These courses were made up of a self-taught phase followed by a week-long virtual classroom phase hosted over Zoom, consisting of interactive tutorials, live demonstrations, group work, and 1:1 meetings. The highlights of the courses were seeing the varied mini projects which participants worked on during the week and what they had achieved.

In July, we collaborated with the International Oceanographic Data and Information Exchange" (IODE) of the "Intergovernmental Oceanographic Commission" (IOC) of UNESCO, the OceanTeacher Global Academy (OTGA) and the Copernicus Marine Environment Monitoring Service (CMEMS) to run a Train the Trainers course, supporting those involved in teaching marine sciences. This course provided participants with the tools and techniques to incorporate the use of Copernicus marine data from EUMETSAT and CMEMS into their own educational activities. Participants also learned how to use open access resources available through the Copernicus programme, and to develop their own resources.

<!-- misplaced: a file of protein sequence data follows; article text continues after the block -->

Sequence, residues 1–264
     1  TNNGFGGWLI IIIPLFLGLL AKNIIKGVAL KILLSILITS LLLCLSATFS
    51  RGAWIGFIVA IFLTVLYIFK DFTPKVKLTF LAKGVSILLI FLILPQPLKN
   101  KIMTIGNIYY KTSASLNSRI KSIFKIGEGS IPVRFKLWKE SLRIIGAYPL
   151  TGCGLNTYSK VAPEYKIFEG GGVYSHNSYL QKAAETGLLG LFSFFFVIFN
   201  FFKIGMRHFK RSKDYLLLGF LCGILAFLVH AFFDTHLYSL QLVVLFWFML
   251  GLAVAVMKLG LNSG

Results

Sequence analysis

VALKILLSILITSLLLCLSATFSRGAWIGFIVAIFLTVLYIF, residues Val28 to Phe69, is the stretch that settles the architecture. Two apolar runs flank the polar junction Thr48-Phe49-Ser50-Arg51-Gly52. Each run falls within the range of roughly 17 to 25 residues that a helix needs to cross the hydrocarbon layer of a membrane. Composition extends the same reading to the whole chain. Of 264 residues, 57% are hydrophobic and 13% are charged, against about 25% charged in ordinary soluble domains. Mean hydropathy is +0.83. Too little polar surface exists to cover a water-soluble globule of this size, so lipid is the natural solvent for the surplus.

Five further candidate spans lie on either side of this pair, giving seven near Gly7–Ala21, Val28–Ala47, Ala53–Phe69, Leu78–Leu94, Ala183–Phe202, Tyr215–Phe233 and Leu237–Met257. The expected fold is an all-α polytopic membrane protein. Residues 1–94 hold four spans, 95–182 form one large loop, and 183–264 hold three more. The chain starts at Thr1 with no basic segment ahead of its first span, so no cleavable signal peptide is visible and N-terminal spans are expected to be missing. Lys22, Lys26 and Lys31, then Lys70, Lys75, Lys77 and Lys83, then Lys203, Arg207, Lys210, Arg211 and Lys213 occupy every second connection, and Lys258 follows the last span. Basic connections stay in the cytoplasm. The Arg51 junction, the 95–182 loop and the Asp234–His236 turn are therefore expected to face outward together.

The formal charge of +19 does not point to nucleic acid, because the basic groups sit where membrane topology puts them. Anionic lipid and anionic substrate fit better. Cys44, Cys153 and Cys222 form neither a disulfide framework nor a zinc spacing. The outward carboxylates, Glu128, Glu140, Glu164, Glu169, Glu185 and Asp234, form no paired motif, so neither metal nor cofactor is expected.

Alongside these, the ocean training team at EUMETSAT also supported two courses organised by the GMES and Africa consortia, and the EUMETSAT Series of Short Courses, a series of open online courses on data discovery.

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Second Joint ESA/EUMETSAT/ECMWF Online Training Course on Atmospheric Composition completed

16 to 20 Nov 2020 / Online

Organised in cooperation with ESA and CAMS, the second edition of the five-day course moved online this year, bringing together 30 participants from Europe and beyond.

The course offered morning lectures, live streamed on YouTube, and afternoon practical activities where attendees worked in groups. In the context of the practical sessions, participants tried out CAMS, aerosol and Sentinel-5P data. They also explored the capabilities of Python code in Jupyter notebooks and the Harp toolbox.